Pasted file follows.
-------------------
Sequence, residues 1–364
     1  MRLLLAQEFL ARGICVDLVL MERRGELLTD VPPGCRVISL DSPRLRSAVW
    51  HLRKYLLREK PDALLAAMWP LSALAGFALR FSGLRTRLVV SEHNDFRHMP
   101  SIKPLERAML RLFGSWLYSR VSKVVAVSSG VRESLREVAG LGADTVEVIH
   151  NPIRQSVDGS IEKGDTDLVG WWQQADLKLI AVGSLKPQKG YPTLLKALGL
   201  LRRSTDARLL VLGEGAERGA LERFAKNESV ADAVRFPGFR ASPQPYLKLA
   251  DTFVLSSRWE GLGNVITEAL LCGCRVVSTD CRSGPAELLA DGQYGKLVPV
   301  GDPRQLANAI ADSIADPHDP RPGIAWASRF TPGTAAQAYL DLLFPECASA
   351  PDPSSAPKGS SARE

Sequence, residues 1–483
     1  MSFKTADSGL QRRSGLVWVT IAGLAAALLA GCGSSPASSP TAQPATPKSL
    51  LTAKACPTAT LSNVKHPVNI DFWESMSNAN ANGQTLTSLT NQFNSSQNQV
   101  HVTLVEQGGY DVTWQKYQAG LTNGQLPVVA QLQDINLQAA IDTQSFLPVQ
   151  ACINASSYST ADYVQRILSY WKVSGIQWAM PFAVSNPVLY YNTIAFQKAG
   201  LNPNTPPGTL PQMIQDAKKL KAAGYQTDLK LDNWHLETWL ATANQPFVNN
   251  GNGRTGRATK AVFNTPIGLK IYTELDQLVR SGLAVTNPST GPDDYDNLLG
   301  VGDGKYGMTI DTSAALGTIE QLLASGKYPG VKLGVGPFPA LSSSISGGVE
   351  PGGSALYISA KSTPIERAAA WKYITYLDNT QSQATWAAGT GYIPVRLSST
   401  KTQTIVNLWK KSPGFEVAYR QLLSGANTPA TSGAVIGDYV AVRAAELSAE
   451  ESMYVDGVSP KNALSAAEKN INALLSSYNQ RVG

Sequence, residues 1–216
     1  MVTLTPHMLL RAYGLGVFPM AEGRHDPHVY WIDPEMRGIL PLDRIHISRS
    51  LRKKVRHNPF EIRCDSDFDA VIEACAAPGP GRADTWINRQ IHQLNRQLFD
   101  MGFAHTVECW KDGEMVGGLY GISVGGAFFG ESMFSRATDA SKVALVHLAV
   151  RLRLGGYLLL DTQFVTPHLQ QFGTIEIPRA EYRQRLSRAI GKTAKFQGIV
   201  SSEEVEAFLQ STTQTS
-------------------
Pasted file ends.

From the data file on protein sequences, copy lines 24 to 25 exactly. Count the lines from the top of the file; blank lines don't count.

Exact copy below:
   101  MGFAHTVECW KDGEMVGGLY GISVGGAFFG ESMFSRATDA SKVALVHLAV
   151  RLRLGGYLLL DTQFVTPHLQ QFGTIEIPRA EYRQRLSRAI GKTAKFQGIV